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Re: Re-expressing our formalisation of Language

From: <noah_mendelsohn@us.ibm.com>
Date: Wed, 6 Sep 2006 17:46:01 -0400
To: Pat Hayes <phayes@ihmc.us>
Cc: ht@inf.ed.ac.uk (Henry S. Thompson), www-tag@w3.org
Message-ID: <OFB013C271.04C58809-ON852571E1.0076906E-852571E1.0077922B@lotus.com>

Pat Hayes writes:

> Could the Tag please make an effort to avoid speaking in 
> tongues, when matters get basic? At least give some guidance, 
> or point to some kind of supporting theory or external account.
> Is an 'infon' something like a chunk of information (about 
> something? About what?)

I very much appreciate the spirit of what Henry has tried to do in 
capturing the gist of our telcon conclusions, but on this one I have to 
agree with Pat.  The term "infon" is confusing and unmotivated.  It was 
not used on the call at all, as far as I know.  I think it would be better 
to acknowledge somewhat more carefully in words that we have not yet 
reached even approximate consensus on how to discuss the substructure of 
the information that would be gleaned from a given instance document per a 
given language.  For example, we could try to model it all as named 
"slots" of some sort, which works well for some languages and is a force 
fit for some others.  I did suggest on the call that we need to find 
>some< way of dealing with substructure, so that we have a means of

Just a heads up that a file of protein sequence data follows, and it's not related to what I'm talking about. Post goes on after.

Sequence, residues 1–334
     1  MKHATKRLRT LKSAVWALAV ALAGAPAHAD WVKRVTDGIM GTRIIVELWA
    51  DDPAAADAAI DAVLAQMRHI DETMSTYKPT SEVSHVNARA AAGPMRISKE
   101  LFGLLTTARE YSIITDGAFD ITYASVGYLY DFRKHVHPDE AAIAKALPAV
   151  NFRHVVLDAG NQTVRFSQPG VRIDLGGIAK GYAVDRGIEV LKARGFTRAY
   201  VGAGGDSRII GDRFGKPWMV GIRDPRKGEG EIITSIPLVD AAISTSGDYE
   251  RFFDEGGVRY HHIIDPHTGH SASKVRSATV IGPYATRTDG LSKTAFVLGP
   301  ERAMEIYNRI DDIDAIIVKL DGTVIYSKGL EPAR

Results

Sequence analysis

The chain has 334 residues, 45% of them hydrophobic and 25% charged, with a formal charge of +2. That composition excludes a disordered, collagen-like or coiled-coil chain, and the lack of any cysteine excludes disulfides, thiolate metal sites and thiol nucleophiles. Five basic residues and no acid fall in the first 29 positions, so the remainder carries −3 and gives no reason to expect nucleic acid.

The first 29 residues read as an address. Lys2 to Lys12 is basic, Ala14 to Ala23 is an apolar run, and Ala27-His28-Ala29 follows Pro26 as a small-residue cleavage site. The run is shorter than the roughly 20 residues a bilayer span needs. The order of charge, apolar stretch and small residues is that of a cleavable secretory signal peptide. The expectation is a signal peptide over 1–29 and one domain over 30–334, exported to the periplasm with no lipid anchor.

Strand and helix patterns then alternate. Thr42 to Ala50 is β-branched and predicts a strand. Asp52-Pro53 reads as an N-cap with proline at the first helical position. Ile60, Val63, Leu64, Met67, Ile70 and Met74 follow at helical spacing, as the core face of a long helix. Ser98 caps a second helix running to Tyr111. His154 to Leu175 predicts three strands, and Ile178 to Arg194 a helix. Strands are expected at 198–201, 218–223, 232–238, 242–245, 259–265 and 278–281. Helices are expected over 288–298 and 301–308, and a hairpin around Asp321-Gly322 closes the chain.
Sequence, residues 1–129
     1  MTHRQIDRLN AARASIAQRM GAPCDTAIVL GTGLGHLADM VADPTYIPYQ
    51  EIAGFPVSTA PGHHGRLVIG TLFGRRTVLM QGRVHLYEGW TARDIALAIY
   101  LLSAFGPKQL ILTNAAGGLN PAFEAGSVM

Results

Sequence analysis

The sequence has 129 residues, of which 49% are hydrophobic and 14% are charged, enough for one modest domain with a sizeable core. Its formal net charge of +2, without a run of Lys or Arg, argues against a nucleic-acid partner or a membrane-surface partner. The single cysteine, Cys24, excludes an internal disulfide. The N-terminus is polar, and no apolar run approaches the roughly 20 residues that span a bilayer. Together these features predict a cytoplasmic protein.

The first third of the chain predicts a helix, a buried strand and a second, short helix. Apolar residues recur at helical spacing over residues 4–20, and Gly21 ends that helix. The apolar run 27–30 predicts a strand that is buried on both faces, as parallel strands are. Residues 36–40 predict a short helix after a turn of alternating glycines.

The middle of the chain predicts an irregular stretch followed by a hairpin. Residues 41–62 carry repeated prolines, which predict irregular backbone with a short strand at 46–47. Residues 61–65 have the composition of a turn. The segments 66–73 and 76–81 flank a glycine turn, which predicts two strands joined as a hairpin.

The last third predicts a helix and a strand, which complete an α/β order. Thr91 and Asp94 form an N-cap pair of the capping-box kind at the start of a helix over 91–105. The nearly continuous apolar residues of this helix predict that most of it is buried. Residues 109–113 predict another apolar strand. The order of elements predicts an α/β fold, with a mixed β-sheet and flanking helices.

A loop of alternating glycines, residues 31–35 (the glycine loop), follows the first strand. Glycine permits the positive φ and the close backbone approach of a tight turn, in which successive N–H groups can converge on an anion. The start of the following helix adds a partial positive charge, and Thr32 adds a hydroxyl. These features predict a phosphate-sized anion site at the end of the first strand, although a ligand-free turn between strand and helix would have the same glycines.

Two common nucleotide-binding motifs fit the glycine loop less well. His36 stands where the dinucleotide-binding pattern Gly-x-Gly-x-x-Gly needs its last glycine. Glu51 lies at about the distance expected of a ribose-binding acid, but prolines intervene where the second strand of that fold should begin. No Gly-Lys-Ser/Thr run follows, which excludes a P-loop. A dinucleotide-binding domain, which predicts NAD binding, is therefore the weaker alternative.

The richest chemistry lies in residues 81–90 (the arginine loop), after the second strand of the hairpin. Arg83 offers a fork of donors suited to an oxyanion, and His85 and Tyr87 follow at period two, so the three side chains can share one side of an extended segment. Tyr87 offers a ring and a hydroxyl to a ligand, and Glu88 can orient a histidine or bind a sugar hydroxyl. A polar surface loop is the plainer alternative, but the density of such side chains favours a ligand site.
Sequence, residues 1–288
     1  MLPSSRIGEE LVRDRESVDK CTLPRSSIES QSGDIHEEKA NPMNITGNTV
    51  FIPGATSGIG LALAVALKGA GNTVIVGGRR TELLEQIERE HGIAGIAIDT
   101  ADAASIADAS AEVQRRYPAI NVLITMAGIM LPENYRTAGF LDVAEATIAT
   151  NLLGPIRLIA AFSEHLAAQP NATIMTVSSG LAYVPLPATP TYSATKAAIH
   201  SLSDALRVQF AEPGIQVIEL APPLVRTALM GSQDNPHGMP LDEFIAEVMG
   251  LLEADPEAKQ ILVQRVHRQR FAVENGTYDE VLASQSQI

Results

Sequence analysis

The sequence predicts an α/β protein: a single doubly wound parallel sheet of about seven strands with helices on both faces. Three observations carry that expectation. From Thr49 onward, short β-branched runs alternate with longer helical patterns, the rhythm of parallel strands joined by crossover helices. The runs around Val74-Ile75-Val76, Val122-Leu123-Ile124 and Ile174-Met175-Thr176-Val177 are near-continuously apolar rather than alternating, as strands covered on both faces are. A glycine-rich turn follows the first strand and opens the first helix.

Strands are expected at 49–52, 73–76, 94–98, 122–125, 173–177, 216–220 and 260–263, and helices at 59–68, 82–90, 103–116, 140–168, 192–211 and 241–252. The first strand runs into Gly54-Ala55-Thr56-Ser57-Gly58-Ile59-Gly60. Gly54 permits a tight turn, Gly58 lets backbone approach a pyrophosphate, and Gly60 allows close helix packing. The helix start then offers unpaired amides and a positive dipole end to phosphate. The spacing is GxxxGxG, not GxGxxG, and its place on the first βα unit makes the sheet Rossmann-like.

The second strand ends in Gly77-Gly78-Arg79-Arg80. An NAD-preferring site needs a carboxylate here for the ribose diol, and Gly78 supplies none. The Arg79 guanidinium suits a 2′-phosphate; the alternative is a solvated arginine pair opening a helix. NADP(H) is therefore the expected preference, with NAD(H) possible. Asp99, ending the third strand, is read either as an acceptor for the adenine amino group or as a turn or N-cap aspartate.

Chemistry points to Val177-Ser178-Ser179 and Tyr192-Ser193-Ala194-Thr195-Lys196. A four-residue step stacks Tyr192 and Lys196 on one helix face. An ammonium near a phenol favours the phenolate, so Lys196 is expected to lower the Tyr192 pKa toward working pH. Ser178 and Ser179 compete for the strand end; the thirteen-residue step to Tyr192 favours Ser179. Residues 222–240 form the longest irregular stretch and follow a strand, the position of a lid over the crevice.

talking about which pieces (what's the word?) of the information were in 
fact conveyed correctly, which were lost, which are outright wrong, when a 
given text is authored in one language and interpreted in another.

I believe that "infon" was Henry's attempt to invent a neutral-sounding 
placeholder word given that our discussion didn't get to the point of 
clarity.  Still, I too find it confusing.  As I say, I would rather 
explain our status a bit more carefully as above.  As we move forward, 
we'll have to figure out what our story is about modeling information. 

Pat goes on to give a tutorial on some of the more established means of 
modeling information.  Neither semantics nore formal languages are areas 
of deep expertise for me, so I'll want to read that tutorial much more 
carefully before commenting one way or the other.  It seems at least like 
useful input to consider as we wrestle with modeling information that is 
conveyed by a text in an language.

--------------------------------------
Noah Mendelsohn 
IBM Corporation
One Rogers Street
Cambridge, MA 02142
1-617-693-4036
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Received on Wednesday, 6 September 2006 21:46:21 GMT

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